One of the methods of customer segmentation is "geographical segmentation." In eCommerce, it is beneficial to consider it as a proxy variable for "lifestyle." This article is aimed at eCommerce marketers who are working on improving CLV, and it explains the overview and application methods of geographical segmentation.

What is Customer Segmentation in eCommerce?

Customer segmentation in eCommerce refers to categorizing customers based on their characteristics and behaviors. The main types of customer segmentation include attribute segments (age, gender), psychological segments, geographical segments (country of residence, place of residence), and behavioral segments (purchase history, actions on the site, etc.).

eCommerce businesses can understand the needs, purchase intentions, and purchasing trends of different types of customers through customer segmentation, enhancing customer resolution and implementing effective marketing measures.

What is Geographical Segmentation?

First, let's explain the general geographical segmentation, not limited to eCommerce.

Geographical segmentation refers to creating segments based on geographical data, taking into account regional trends, preferences, and needs.

Since regions differ in climate, weather, culture, traditions, economic factors, and infrastructure development, depending on the type of product, there may be different needs depending on the place of residence. By performing geographical segmentation, one can utilize geographical data as a proxy variable for these needs, reflecting in the opening of physical stores, placing advertisements, and regional product variations.

Climate and Weather Patterns

Globally, there are significant differences in climate and weather patterns depending on the region, which can greatly influence the needs and preferences of residents. While it's an essential consideration for companies operating worldwide, in Japan too, there are patterns such as areas with high rainfall or relatively warm regions. For example, in cold areas, there's an expected high demand for clothing with high functionality in cold protection.

Cultural, Religious, and Traditional Differences

Regions differ significantly in terms of culture and traditions, which can influence consumer preferences and behaviors. On a national level, different religious backgrounds in various regions might necessitate adjustments to the product itself or its promotion. For instance, it is well-known that food companies in Japan adjust the flavoring of the same product depending on whether it's intended for the Kanto or Kansai region.

Economic Level

Economic levels, such as income levels and living expenses, can vary based on geographical location. For example, residents in affluent areas might have different purchasing habits and preferences compared to customers in less economically privileged regions.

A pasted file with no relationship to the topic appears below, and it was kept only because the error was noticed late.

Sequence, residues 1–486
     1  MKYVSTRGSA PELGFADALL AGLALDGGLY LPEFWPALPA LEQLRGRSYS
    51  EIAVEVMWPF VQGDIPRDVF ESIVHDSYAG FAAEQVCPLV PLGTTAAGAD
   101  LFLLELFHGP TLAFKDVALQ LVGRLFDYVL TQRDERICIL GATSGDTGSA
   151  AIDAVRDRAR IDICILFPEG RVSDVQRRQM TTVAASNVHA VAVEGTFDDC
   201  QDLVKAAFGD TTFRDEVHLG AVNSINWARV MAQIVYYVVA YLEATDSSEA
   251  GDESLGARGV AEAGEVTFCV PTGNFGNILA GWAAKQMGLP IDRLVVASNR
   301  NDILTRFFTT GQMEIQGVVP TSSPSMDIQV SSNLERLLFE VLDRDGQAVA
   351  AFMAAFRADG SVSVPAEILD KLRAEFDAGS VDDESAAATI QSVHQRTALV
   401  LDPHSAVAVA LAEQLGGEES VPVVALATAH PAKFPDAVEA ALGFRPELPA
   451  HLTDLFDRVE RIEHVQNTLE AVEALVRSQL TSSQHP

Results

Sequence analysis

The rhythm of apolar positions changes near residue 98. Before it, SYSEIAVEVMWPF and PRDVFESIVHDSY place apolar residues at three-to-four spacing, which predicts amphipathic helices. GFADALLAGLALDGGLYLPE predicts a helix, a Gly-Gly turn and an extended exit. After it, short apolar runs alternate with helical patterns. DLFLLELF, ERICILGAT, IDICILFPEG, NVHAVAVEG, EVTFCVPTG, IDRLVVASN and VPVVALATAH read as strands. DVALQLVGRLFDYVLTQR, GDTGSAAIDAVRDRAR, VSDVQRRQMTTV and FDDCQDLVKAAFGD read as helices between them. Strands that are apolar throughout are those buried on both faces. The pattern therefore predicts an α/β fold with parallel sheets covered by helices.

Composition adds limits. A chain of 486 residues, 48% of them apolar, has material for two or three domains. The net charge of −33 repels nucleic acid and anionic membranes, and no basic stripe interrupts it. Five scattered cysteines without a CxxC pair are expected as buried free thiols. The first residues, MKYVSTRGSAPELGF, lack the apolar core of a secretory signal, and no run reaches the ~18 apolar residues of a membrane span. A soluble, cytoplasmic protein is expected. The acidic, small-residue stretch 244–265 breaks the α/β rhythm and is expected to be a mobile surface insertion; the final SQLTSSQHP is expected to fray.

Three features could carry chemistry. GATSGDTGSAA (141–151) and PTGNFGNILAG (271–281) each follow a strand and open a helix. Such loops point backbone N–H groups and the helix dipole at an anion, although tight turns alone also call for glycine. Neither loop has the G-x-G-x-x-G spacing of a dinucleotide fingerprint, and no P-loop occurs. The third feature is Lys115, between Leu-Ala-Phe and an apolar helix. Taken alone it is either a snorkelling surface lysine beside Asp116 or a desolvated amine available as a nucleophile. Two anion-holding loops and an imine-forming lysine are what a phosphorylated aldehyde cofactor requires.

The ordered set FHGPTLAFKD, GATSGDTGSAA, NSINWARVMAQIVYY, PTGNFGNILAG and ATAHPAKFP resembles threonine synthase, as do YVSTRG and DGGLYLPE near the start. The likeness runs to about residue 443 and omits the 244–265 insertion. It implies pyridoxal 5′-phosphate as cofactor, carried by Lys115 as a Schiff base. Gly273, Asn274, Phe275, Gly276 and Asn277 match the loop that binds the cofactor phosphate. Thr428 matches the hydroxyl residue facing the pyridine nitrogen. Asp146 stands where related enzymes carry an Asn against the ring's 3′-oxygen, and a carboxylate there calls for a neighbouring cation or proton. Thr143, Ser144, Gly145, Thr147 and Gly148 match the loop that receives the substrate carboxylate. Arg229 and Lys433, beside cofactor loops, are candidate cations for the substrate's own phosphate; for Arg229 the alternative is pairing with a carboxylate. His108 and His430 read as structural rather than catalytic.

Location Characteristics

Especially crucial for companies with physical stores are the characteristics of the location, such as the purpose of the city block or transportation infrastructure. For instance, convenience stores adjust their product lineup depending on whether they are located in office districts or residential areas.

How to Utilize Geographical Segmentation in eCommerce

Now, let's explain how to practically utilize geographical segmentation in the eCommerce business.

If you are operating on a global scale, you might already be conducting marketing considering factors specific to each country, such as climate, culture, religion, and economy. On the other hand, for businesses catering to a domestic market, recommendations like "segmentation should be done by prefecture" might not resonate as clearly.

The basic idea behind customer segmentation is to "create clusters of customers with the same needs." Therefore, if we view geographical data as a "proxy variable for lifestyle," it might become more manageable for eCommerce companies. Let's explain using several perspectives.

Segmenting Urban Areas vs. Others

One approach is to use customer residence data to segment into two categories: the so-called urban areas and areas that are not heavily urbanized. By doing this, one can imagine the differences in "lifestyle" such as average household size, private car ownership, whether living in a single-family home or an apartment, and how leisure time is spent.

For instance, if it's an eCommerce store for gifts, targeting the customer segment in urban areas—where many live away from their parent's household—you could consider marketing promotions like proposing e-gifts (Note: a method to gift without meeting in person) for occasions like Father's Day or Mother's Day.

Segmenting Based on the location of offline stores

Another approach is to analyze and segment based on the number, product range, and accessibility of physical stores that offer products similar to your eCommerce platform.

For example, in areas with few store options, limited product variety, or where access to physical stores is inconvenient, the importance of purchasing products via eCommerce becomes relatively higher. This could lead to the hypothesis that such areas might be more inclined towards repeat purchases.

Instead of mechanically segmenting by prefectures, segmenting in a way that allows for imagining the "lifestyle" of customers can provide meaningful insights for marketing.


While understanding a customer's lifestyle is indeed a critical perspective in marketing, in the case of eCommerce, it's incredibly challenging to grasp the lifestyle of individual customers. Even if post-purchase surveys are utilized, the hurdle to collect data that can be directly applied for segmentation is arguably high.